Despite months of preparations by the House campaign committees, the latest party spending — largely to fund TV ad buys — demonstrates the Congressional playing field remains relatively fluid three weeks before Election Day.
Party strategists are making the final spending decisions in an expanding midterm battleground, as both sides continue to refine their target lists and move ad money around at an expedited pace. Giddy Republicans are even talking about a field of competitive races that includes Democratic stalwarts like Reps. John Dingell (Mich.), James Oberstar (Minn.) and Maurice Hinchey (N.Y.), whose defeats would produce a Republican wave much larger than the 1994 epic.
Over the weekend, the National Republican Congressional Committee’s independent expenditure arm reported spending more than $8.2 million, the bulk of which went to fund TV commercials targeting Democrats in 29 districts. The committee is engaged in 56 districts and has spent more than a half-million dollars apiece in 11 races.
The Democratic Congressional Campaign Committee has spent about $12 million of the $52 million committee insiders have said will be spent by Election Day. Republicans have spent nearly $20 million of an estimated $45 million.
NRCC Chairman Pete Sessions (Texas) said in an interview last week that the NRCC’s aggressive spending strategy in September and early October will negate Democrats’ late financial advantage.
“We’re going to get to Election Day and hope our momentum gets it done,” Sessions said. “We know they’ve got a strong air attack. ... We believe that we will have the momentum, with the enthusiasm that we see from the [poll] numbers that are coming out.”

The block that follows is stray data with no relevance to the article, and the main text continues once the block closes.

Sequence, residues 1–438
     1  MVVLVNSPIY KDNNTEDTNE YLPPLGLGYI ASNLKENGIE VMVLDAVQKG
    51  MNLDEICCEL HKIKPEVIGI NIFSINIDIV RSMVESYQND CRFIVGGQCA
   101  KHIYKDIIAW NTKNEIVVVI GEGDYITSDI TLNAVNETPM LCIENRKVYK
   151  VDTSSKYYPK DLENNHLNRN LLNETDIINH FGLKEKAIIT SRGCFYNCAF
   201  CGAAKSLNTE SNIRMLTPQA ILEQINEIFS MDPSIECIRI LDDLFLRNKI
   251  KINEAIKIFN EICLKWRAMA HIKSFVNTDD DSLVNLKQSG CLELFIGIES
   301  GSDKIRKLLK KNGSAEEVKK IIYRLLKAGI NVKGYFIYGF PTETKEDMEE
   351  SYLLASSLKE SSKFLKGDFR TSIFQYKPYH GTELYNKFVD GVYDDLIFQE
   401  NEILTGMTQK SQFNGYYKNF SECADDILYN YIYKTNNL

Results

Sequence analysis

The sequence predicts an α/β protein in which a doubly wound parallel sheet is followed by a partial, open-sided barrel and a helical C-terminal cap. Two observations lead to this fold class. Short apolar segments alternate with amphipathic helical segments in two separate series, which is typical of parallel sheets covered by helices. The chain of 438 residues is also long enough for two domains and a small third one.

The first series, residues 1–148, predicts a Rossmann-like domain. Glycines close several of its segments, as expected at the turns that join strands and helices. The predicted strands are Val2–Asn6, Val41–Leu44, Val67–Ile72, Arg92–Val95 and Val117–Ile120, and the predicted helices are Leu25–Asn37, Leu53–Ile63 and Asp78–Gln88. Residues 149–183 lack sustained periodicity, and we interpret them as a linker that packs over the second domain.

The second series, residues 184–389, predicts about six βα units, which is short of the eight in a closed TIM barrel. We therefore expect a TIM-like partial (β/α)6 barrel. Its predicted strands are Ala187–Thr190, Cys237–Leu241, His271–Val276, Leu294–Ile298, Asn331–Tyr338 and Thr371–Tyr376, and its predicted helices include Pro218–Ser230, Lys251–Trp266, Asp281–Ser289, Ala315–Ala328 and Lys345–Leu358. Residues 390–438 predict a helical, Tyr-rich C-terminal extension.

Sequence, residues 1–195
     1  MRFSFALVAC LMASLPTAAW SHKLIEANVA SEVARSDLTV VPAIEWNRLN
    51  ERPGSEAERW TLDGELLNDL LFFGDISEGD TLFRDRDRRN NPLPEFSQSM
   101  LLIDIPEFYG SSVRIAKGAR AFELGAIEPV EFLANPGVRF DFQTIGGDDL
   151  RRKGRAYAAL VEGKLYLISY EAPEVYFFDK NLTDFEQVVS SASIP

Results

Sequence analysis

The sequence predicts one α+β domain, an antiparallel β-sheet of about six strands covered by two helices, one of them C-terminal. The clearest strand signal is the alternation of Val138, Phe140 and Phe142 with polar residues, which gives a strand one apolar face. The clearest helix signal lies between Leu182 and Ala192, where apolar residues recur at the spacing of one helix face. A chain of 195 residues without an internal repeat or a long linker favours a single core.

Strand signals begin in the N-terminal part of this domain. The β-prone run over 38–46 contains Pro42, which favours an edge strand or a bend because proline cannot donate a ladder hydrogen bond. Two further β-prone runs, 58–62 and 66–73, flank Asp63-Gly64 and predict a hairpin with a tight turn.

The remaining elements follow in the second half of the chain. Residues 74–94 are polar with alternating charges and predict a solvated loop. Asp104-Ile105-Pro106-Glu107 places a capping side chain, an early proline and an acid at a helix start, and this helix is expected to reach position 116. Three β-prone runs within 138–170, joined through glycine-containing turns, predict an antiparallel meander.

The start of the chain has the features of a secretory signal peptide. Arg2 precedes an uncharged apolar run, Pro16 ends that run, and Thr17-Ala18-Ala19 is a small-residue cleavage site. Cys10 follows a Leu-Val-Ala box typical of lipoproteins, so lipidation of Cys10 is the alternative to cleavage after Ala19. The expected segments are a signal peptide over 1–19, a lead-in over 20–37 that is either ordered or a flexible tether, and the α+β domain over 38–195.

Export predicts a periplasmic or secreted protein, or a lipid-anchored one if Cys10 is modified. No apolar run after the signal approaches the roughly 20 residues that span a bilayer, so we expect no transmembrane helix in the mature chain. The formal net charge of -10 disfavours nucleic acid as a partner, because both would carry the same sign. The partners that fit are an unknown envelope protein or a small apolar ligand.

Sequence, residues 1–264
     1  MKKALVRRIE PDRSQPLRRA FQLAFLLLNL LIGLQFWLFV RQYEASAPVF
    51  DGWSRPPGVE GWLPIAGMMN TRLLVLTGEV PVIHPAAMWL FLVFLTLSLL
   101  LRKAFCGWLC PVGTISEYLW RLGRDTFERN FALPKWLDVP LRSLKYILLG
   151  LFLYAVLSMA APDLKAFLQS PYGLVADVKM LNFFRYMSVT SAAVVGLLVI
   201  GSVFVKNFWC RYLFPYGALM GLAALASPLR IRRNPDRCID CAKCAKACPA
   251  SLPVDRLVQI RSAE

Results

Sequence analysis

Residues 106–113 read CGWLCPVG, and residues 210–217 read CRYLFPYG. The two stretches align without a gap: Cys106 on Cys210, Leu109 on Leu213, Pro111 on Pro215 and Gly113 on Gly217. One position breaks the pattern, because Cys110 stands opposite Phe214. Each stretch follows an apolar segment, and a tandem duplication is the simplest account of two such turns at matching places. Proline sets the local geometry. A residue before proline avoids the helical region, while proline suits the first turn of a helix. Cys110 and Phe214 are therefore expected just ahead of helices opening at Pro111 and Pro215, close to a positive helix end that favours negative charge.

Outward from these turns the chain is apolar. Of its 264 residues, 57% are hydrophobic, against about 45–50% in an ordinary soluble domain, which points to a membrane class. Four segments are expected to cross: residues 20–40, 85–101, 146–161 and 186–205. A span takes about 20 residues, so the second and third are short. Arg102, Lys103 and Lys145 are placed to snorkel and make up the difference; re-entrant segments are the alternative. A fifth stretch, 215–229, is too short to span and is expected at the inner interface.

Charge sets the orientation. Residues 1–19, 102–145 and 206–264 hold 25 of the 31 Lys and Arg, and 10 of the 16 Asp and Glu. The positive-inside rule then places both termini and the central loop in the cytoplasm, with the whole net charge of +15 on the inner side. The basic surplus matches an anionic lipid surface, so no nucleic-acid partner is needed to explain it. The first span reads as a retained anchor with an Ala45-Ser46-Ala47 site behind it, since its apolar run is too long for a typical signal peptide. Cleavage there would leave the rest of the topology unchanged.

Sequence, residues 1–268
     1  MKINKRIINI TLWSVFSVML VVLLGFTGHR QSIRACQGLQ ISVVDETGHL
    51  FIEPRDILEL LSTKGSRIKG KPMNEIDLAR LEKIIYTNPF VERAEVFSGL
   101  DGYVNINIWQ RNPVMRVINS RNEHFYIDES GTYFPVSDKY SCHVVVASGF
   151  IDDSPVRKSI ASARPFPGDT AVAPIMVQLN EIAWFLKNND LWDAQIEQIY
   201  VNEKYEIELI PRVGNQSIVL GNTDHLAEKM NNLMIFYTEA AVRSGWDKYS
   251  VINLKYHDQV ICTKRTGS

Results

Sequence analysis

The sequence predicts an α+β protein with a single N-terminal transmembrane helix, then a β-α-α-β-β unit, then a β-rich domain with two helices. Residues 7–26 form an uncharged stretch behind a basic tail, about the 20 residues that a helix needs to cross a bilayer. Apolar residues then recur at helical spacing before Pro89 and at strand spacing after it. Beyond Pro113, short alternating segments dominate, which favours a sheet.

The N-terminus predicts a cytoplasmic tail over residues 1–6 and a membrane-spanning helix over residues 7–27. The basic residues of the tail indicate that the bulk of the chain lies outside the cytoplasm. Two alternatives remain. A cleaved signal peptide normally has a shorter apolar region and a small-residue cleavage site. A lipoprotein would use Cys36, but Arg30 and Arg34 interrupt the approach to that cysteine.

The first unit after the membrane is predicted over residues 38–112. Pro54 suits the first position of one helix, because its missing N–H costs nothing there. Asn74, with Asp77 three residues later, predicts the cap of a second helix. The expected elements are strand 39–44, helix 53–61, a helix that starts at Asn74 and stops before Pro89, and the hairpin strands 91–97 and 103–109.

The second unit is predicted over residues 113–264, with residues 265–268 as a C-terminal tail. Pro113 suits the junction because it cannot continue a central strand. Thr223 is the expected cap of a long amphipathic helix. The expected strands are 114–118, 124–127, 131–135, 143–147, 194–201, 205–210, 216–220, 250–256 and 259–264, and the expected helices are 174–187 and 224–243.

The battle for freshman Rep. Mark Schauer’s Michigan district is set to become the first contest to top the $1 million mark in terms of committee IE spending; the NRCC hit $999,000 there this week.
Freshman Democratic Rep. Dina Titus’ race in Nevada could soon become the NRCC’s next million-dollar contest.
The committee has now spent almost $700,000 in the 3rd district, where ad rates have been increased because of hefty spending in the state’s high-profile Senate race.
After playing a game of chicken for most of September, the DCCC made its first big TV expenditures last week, burning through about $8 million. Although the DCCC is spending money in 48 races, the committee has yet to drop more than $626,000 in any one contest and has spent more than half a million dollars in just four races.
To put that in perspective, as of Oct. 13, 2006, there were 21 races where the parties had spent more than $1 million. At that point, Republicans had spent more than $1 million on 18 races as they were trying to protect their majority and hold back a surging Democratic tide. Democrats, who would go on to win the majority in the November elections, had spent more than $1 million on three races.
The decision by DCCC strategists to hold on to resources has left the DCCC with a larger bank account to employ in the final weeks of the cycle. However, outside groups could help Republicans fill the biggest gaps in the final weeks of the campaign.
With the ad wars engaged against most of the top-tier Democratic targets by now, Republicans are looking further down their lists as they try to figure out how far they can stretch the field by Nov. 2.
James Jones, communications director for DC Vote, tapes a "DC Constituents Service Day" sign on the wall as he stands with other DC residents outside of Rep. Andy Harris's office on Capitol Hill to protest Harris' actions against D.C.'s marijuana laws on Thursday, July 24, 2014. DC Vote encouraged DC residents to bring their complaints about city services to the Maryland congressman.